Defendant also points to Caples v. Earthgrains Co., 43 S.W.3d 444, 450 (Mo.App.E.D.2001), for the proposition that where a dispute exists as to whether the landlord retained control over the site of the injury, the issue of control must be submitted to the jury in the verdict-directing instruction. In Caples, this Court rejected the plaintiff's argument that the trial court should have omitted the issue of control in the verdict-directing instruction. Id. In that case, the plaintiff filed a negligence action after sustaining injuries on two separate occasions while working as a forklift operator for a company that leased a warehouse from the defendant. Id. at 447. The trial court denied the plaintiff's request to submit verdict directors that omitted the issue of the landlord's control over the areas where each of the injuries occurred. Id. at 448. Instead, the trial court submitted the following verdict-directing instruction, patterned after MAI 22.05, as modified, (with regard to the first injury), and which stated, in pertinent part:
[T]he loading floor was in the possession and control of defendant for the purpose of making repairs and was used by the tenant of defendant with its consent[.]
Id. (emphasis added).
After a jury verdict for the landlord, the plaintiff appealed, challenging the verdict-directing instructions. The plaintiff argued that the trial court erred in submitting the issue of control to the jury because the evidence established as “a matter of law” that the area where he was injured was a “common area” under the landlord's control. Id. This Court disagreed, concluding that the issue of the landlord's control was in dispute and therefore properly submitted to the jury. Id. at 450.
As the foregoing cases illustrate, here, the issue of the landlord's control is a question for the jury. This is not a case where the facts conclusively establish as “a matter of law” that the area where the injury occurred was admittedly within the landlord's control. To the contrary, it is evident from the record that the issue of Defendant's control over the second-floor window was in dispute. The record does not reflect that Defendant's maintenance employees had “free access” to the premises to make repairs at their own discretion without notifying tenants. There was no evidence that the maintenance technicians entered Plaintiff's apartment to make random repairs “on their own initiative.” The record shows that the maintenance staff made repairs at the apartment only after Plaintiff notified Defendant's office personnel and requested them to do so. This is apparent from Plaintiff's testimony and other evidence presented at trial which demonstrated that repairs were done at her request.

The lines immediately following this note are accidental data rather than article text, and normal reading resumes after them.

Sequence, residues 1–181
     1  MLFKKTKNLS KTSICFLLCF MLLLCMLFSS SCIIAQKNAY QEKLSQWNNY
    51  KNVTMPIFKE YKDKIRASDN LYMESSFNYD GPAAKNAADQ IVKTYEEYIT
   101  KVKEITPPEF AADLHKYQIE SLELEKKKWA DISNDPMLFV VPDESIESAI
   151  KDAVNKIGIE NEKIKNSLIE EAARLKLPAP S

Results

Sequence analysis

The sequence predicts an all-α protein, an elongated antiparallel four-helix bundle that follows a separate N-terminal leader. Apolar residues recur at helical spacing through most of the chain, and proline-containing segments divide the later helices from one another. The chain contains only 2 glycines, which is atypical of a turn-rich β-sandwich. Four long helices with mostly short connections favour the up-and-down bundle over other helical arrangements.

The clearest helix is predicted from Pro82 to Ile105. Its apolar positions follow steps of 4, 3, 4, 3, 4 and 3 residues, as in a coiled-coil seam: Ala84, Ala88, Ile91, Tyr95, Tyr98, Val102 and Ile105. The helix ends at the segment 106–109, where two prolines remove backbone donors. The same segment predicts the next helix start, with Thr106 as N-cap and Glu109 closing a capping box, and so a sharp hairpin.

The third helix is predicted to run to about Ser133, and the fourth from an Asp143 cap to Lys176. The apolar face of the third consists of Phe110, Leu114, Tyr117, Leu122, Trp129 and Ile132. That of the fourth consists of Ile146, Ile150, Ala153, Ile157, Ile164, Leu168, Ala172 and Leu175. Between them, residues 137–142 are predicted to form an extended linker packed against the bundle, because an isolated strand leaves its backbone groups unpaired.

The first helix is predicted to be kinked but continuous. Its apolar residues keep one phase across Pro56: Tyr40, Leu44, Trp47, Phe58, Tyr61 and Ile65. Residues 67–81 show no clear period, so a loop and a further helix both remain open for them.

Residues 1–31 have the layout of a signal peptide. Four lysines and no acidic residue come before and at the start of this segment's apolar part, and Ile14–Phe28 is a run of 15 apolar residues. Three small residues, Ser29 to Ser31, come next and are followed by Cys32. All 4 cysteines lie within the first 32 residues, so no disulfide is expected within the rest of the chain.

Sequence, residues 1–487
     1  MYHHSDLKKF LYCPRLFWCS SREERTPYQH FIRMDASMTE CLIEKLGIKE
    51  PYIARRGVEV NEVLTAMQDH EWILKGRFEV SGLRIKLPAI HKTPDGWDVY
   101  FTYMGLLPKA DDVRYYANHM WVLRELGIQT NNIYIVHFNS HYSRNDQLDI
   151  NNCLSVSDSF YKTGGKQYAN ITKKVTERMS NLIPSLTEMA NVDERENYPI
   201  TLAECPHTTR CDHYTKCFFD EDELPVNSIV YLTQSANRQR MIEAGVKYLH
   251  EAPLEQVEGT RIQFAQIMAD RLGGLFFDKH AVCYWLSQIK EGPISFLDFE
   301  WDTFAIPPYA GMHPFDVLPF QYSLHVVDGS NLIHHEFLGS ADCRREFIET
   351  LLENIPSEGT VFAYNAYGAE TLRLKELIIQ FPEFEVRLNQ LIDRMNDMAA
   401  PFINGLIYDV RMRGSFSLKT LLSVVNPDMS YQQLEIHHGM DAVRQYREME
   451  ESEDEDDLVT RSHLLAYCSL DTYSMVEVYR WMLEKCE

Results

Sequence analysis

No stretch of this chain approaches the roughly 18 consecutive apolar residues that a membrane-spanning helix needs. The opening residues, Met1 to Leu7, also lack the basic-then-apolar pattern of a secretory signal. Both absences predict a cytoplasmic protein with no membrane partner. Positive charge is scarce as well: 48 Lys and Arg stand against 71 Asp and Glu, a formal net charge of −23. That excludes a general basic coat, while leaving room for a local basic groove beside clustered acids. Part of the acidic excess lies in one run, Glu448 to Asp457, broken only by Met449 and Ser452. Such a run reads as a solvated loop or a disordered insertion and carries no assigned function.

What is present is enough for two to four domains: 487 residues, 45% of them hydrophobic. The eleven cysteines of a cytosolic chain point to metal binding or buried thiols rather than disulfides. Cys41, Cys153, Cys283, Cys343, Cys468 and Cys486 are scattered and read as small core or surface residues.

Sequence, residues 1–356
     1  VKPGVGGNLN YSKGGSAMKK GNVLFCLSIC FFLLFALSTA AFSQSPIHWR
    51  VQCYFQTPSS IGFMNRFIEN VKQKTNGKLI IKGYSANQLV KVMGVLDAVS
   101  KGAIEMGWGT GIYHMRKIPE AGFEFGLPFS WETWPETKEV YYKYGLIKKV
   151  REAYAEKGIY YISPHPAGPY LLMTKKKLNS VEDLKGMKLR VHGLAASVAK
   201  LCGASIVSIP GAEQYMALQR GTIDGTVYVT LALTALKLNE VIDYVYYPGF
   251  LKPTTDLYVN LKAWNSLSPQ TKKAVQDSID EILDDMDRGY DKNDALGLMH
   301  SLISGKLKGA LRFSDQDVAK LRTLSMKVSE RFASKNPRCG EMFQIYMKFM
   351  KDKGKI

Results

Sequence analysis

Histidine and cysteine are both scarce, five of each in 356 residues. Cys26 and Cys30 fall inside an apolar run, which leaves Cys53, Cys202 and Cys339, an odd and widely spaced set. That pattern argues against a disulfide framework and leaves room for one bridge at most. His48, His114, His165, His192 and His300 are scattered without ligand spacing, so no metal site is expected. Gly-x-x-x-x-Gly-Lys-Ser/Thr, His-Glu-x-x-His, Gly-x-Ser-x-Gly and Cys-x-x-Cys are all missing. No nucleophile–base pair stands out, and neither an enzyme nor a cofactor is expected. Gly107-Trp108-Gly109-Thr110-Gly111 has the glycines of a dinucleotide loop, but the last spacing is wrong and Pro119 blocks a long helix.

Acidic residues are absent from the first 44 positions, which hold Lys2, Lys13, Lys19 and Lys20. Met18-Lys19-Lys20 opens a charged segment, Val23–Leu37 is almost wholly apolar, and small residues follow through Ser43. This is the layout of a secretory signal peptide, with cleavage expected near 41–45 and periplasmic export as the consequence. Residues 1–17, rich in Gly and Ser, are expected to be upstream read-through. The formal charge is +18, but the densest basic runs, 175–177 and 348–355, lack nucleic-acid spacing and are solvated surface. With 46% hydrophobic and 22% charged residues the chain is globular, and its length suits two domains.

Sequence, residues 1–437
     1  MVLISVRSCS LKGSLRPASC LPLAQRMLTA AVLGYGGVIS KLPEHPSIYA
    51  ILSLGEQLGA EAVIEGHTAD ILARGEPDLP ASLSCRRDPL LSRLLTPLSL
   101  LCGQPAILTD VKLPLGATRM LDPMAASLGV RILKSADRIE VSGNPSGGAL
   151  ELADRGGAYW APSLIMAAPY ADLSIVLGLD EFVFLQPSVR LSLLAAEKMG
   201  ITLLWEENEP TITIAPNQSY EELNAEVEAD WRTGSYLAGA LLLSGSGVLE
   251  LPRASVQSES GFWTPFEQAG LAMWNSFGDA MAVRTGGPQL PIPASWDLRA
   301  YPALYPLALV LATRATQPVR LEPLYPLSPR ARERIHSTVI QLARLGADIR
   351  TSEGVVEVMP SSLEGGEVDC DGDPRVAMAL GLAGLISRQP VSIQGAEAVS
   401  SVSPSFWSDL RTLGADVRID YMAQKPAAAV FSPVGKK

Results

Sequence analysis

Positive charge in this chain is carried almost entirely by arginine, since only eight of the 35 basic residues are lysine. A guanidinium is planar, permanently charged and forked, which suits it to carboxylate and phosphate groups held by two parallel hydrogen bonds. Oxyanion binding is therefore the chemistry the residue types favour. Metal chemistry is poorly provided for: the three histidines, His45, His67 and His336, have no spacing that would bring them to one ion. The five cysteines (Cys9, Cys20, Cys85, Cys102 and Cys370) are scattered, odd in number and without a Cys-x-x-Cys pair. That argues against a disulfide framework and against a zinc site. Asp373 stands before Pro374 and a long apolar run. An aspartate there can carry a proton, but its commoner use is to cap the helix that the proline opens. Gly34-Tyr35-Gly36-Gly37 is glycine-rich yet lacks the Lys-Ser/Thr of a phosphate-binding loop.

At trial, the former property manager testified that Defendant's employees did not enter tenants' apartments to make repairs at their own discretion. He explained that typically work repair orders were made after a tenant had contacted the office with a repair request and then the maintenance staff would be notified.
Plaintiff's mother, Sylvia Stephenson, testified that if she wanted something repaired at her apartment, she would have to call Defendant's office to notify them. She said the maintenance crew would not “just walk in [her] apartment and look for things that were wrong.” Rather, Mrs. Stephenson indicated that she would first have to contact Defendant's office about any repairs and when the maintenance crew arrived at her apartment, they would “knock on the door” and then wait until she “let them in,” but they would not “just walk in.”
Plaintiff's own testimony further confirms that Defendant's maintenance employees did not enter her apartment to make random repairs at their own discretion. Plaintiff testified that during the time she leased the apartment, she had requested several repairs, including fixing her stove, air conditioner, a ceiling fan, and a “sparking outlet.” The record indicates that Defendant's maintenance technicians were dispatched to the apartment to make those requested repairs, but only after being notified by Plaintiff in advance.
Having reviewed the record, we find that the verdict director properly submitted the issue of control to the jury. As an essential fact issue necessary to establish liability, the verdict-directing instruction must require the finding that Defendant retained control over the site of the injury. See Fitzpatrick, 372 S.W.2d at 849. To omit this finding, as Plaintiff suggests, would allow the jury to base its verdict on less than all of the essential elements necessary to establish liability, and as a result, the jury would be left to speculate whether the element of control was a necessary part of Plaintiff's case. See Fitzpatrick, 372 S.W.2d at 849; Tucker, 345 S.W.2d at 388–89. We therefore conclude that the trial court did not err in submitting Instruction No. 7 to the jury. Point I is denied.
Point II: Admission Of Evidence
In her second point, Plaintiff contends that the trial court abused its discretion by admitting evidence regarding her rent delinquency and eviction notices. Plaintiff claims this evidence was irrelevant and prejudicial.
Standard of Review